‘Charmed’ Torah Finds A New Resting Place

OBJECTS OF OUR AFFECTION

By Judith A. Sokoloff

Published February 28, 2003, issue of February 28, 2003.

Jersey City PATH station, around 1 in the morning, Sunday, a few years back. It’s quiet down in the subway — small groups of tired visitors chat as they wait for the train back to Manhattan.

A young man comes flying down the stairs, sooty-faced, wild-eyed and disheveled. “Is there a Jew here?” he asks anxiously. Nobody pays attention. My Jewish companions look down at their feet. In those five seconds I take to make a decision, my mind races: “If I say I’m Jewish, will he stab or shoot me — or is there a Jew somewhere who needs another Jew?” I can’t ignore him, I have to trust him, and I’m fiercely curious.

“I’m Jewish,” I say. He thrusts out a clenched fist, opening his hand to reveal a tiny metal Torah. “Here, take this,” he says. “I’m renovating a house and found this behind a wall.” I’m stunned and thrilled. I tell him I’m very grateful that he’s gone so far out of his way at this crazy hour to find a Jew.

The Torah is a girl’s bracelet charm, I think, or more likely a pendant. Timeworn and nicked, it is a brownish-gold color, decorated with a Star of David, an eyelet on top. I picture the girl, some 50 or 60 years ago, frantically looking behind her bureau, around her room, under the bed, seeking the Torah that her grandmother had given her. Or maybe she didn’t even realize it was missing. Or perhaps she flung it away — a defiant act of assimilation or anger. Does she think of it now?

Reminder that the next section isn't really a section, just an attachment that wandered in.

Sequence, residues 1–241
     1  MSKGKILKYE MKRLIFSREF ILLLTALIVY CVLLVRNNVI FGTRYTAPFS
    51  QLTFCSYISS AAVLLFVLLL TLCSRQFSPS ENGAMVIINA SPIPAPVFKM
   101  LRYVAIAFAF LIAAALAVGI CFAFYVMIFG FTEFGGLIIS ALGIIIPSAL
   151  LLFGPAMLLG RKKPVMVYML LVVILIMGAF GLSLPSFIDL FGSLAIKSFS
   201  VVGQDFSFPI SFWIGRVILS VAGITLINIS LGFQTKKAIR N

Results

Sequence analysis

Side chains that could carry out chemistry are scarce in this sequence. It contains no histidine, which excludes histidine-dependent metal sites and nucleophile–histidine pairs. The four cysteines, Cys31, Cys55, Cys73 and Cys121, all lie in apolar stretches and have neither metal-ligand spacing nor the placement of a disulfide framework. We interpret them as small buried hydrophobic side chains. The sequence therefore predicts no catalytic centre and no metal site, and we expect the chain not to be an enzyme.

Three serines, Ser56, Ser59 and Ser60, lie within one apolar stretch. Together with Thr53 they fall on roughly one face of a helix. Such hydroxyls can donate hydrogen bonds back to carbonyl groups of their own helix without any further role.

I carry the little Torah around with me all the time. It’s my lucky charm, even though I don’t believe in lucky charms — one of my many paradoxical opinions. It’s more important to me than my own childhood collection of golden Jewish jewelry, tucked away in a closet. It’s a symbol of my still-growing pride and outspokenness about being Jewish, and a confirmation that the world is tilted toward goodness. It’s a symbol of my ever-evolving relationship to Judaism, of the slow withering away of a determined atheist from the age of 8. It’s the symbol of a doubter’s tears, listening to my son’s bar mitzvah class singing, “It’s the Tree of Life to those who hold fast to it.”

I wish I could tell you that amazingly I met the girl who lost her tiny Torah. It would make a good ending: The two of us meet in a women’s Midrash class — she tells me her story, I tell her mine. About how we lost our Torahs and how we got them back.

Judith Sokoloff is the editor of Na’amat Woman.



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